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Cell Immunol. 1993 Mar;147(1):129-38.

Microglia present myelin antigens to T cells after phagocytosis of oligodendrocytes.

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Department of Neuroimmunology, Max-Planck Institute for Psychiatry, Martinsried-Munich, Germany.


Cells that are capable of initiating immune reactions in the central nervous system (CNS) seem to be microglia, since they are the predominant CNS cell type expressing major histocompatibility complex (MHC) class II molecules. However, the capacity of microglia to induce myelin antigen-specific T lymphocyte activation is not yet well defined. With a coculture system allowing phagocytosis by microglia of progenitor or mature oligodendrocytes (synthesizing myelin basic protein, MBP), we show the ability of phagocytosis-activated microglia to express MHC class II antigen and to strongly induce T cell proliferation. The T cell proliferation was either mitogen mediated or antigen specific (MBP). Activation of microglia by phagocytosis may represent a major step in initializing immune responses in the CNS.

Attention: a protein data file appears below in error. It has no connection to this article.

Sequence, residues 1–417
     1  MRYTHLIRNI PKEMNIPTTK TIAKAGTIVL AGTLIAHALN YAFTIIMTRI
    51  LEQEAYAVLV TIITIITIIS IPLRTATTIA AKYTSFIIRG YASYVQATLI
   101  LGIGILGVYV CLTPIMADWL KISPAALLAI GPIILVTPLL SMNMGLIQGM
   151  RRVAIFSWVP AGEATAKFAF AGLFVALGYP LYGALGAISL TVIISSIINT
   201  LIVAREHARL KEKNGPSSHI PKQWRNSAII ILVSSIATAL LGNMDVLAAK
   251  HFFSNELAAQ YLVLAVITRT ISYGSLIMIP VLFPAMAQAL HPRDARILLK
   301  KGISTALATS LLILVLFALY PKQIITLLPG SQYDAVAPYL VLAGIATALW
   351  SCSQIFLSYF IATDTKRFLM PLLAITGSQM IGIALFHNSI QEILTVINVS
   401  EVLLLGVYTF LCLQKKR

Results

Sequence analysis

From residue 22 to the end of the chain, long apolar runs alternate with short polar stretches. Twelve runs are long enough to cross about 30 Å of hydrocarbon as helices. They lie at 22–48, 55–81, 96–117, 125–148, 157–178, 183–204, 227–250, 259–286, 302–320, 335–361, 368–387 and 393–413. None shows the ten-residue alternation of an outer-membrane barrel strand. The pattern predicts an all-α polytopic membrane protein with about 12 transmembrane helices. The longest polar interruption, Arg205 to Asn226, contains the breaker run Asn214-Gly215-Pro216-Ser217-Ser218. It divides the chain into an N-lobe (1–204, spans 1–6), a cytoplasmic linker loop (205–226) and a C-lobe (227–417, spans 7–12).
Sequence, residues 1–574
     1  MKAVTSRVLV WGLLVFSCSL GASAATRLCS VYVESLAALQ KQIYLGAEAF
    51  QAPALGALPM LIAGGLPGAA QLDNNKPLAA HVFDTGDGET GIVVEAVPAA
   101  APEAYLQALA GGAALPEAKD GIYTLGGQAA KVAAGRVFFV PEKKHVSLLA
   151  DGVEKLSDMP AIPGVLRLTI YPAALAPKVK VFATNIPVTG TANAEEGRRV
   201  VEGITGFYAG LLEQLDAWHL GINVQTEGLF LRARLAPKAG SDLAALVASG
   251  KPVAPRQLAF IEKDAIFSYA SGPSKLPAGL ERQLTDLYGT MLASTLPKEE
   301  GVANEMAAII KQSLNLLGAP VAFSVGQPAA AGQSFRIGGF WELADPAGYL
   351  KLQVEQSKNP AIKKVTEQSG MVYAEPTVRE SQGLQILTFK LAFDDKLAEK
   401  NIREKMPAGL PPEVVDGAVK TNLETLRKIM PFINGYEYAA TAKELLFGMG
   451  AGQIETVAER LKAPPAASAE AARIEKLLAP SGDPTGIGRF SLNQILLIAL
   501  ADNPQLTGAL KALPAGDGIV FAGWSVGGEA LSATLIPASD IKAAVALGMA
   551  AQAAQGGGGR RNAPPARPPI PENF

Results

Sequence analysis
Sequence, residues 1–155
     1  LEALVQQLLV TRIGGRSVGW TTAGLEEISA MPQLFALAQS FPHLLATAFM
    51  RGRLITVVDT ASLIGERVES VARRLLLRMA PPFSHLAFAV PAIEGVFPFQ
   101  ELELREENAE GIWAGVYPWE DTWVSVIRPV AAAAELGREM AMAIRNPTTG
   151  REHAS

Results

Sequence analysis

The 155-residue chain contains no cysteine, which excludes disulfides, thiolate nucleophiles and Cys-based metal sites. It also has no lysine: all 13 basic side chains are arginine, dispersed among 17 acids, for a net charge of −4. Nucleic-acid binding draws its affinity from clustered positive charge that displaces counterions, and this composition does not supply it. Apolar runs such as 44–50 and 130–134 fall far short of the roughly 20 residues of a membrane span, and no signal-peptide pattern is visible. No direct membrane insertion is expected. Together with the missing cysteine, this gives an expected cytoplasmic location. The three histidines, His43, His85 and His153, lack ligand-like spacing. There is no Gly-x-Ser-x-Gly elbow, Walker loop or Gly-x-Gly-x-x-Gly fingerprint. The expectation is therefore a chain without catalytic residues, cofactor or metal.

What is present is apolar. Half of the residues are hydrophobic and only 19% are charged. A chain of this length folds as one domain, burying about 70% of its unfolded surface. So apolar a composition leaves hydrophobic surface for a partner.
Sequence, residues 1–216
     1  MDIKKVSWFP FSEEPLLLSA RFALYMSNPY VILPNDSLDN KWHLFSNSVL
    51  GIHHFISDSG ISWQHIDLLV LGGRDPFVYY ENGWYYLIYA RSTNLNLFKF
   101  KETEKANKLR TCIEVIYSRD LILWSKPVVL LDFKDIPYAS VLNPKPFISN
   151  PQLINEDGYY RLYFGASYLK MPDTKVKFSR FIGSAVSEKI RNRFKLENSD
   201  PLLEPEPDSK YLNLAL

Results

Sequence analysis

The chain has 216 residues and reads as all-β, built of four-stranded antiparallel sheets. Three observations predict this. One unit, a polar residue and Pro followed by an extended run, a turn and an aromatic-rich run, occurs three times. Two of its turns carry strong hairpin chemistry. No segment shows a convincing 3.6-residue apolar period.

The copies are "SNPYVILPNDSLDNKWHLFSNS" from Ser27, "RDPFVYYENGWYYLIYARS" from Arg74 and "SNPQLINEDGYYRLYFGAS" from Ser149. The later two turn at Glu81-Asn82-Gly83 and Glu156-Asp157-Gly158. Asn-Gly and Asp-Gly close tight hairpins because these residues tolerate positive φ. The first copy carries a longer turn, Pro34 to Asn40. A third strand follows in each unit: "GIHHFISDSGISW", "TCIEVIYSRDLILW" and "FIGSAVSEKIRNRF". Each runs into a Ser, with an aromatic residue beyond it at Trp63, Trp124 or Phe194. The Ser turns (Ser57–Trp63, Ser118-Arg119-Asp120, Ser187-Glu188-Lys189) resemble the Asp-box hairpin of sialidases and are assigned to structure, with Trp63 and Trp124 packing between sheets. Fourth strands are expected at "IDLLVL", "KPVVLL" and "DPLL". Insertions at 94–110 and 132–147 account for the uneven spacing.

[Indexed for MEDLINE]

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